Dr Stephen Hahn, the commissioner of the US Food and Drug Administration, apologized Monday after misrepresenting a key statistic on how effective blood plasma is for treating COVID-19 when announcing an emergency approval measure.
The US on Sunday issued emergency approval for plasma taken from recovered coronavirus patients, so that more people can get access to the experimental treatment.
But Hahn and other senior health officials came under fire from experts after repeating a claim made by President Donald Trump that blood plasma from recovered COVID-19 patients reduced mortality rates by 35 percent.
“What that means is—and if the data continue to pan out—100 people who are sick with COVID-19, 35 would have been saved because of the administration of plasma,” Hahn said Sunday, after Trump had called it “a tremendous number.”
Health secretary Alex Azar added: “I just want to emphasize this point, because I don’t want you to gloss over this number. We dream in drug development of something like a 35 percent mortality reduction. This is a major advance in the treatment of patients. This is a major advance.”
Such a reduction would indeed be a game changer in the fight against the pandemic—but the statistic is false.
The officials said these results came from a study of 35,000 patients conducted by Mayo Clinic, but Dr Scott Wright, the study’s leader, told AFP it did not come from his institution’s research. He said he believed it might be an “integrated analysis” the FDA had arrived at by looking at both Mayo’s work and other studies.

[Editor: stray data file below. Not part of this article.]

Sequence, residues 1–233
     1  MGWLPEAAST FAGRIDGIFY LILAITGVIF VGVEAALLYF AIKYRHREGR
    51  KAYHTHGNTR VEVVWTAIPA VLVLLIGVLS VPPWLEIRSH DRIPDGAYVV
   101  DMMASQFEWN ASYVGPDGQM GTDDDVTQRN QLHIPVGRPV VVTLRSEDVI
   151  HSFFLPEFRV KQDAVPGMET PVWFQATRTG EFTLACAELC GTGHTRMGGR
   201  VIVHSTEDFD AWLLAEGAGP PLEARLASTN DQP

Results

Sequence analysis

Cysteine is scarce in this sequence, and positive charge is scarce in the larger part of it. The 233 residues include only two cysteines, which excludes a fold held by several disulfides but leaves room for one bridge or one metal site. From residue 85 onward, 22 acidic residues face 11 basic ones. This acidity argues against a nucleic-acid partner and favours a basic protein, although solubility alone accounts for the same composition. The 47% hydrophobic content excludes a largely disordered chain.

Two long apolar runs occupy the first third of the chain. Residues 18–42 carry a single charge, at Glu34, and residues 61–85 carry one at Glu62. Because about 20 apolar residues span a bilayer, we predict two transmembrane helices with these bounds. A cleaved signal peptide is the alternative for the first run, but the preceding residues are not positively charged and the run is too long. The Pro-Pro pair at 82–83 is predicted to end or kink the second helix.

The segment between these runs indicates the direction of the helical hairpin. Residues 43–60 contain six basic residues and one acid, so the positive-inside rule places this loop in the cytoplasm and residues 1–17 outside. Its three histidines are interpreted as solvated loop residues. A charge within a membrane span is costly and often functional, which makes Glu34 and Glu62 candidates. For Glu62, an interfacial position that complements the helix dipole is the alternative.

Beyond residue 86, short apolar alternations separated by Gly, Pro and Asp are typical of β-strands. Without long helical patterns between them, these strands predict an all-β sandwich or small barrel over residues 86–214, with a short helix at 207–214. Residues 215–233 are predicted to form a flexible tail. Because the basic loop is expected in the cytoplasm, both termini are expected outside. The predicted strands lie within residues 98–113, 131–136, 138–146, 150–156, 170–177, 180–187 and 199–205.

FDA spokeswoman Emily Miller later tweeted that 35 percent referred to the relative difference in mortality risk between those patients in Mayo’s study who received a high level of antibodies against those who received a low level of antibodies.
“I have been criticized for remarks I made Sunday night about the benefits of convalescent plasma,” said Hahn in a tweet thread on Monday night. “The criticism is entirely justified. What I should have said better is that the data show a relative risk reduction not an absolute risk reduction.”
But it was not immediately clear which figures the FDA had used from the Mayo study to arrive even at this far more modest claim. The study has not yet been peer-reviewed and is available in “preprint” form on a medical research server, so it remains possible that more data will eventually be forthcoming.
The scientific community is divided on whether plasma should have received an emergency use approval.
Early research suggests it may be helpful and safe but no clinical trials—considered the gold standard of medical research—have yet found conclusively in its favor.
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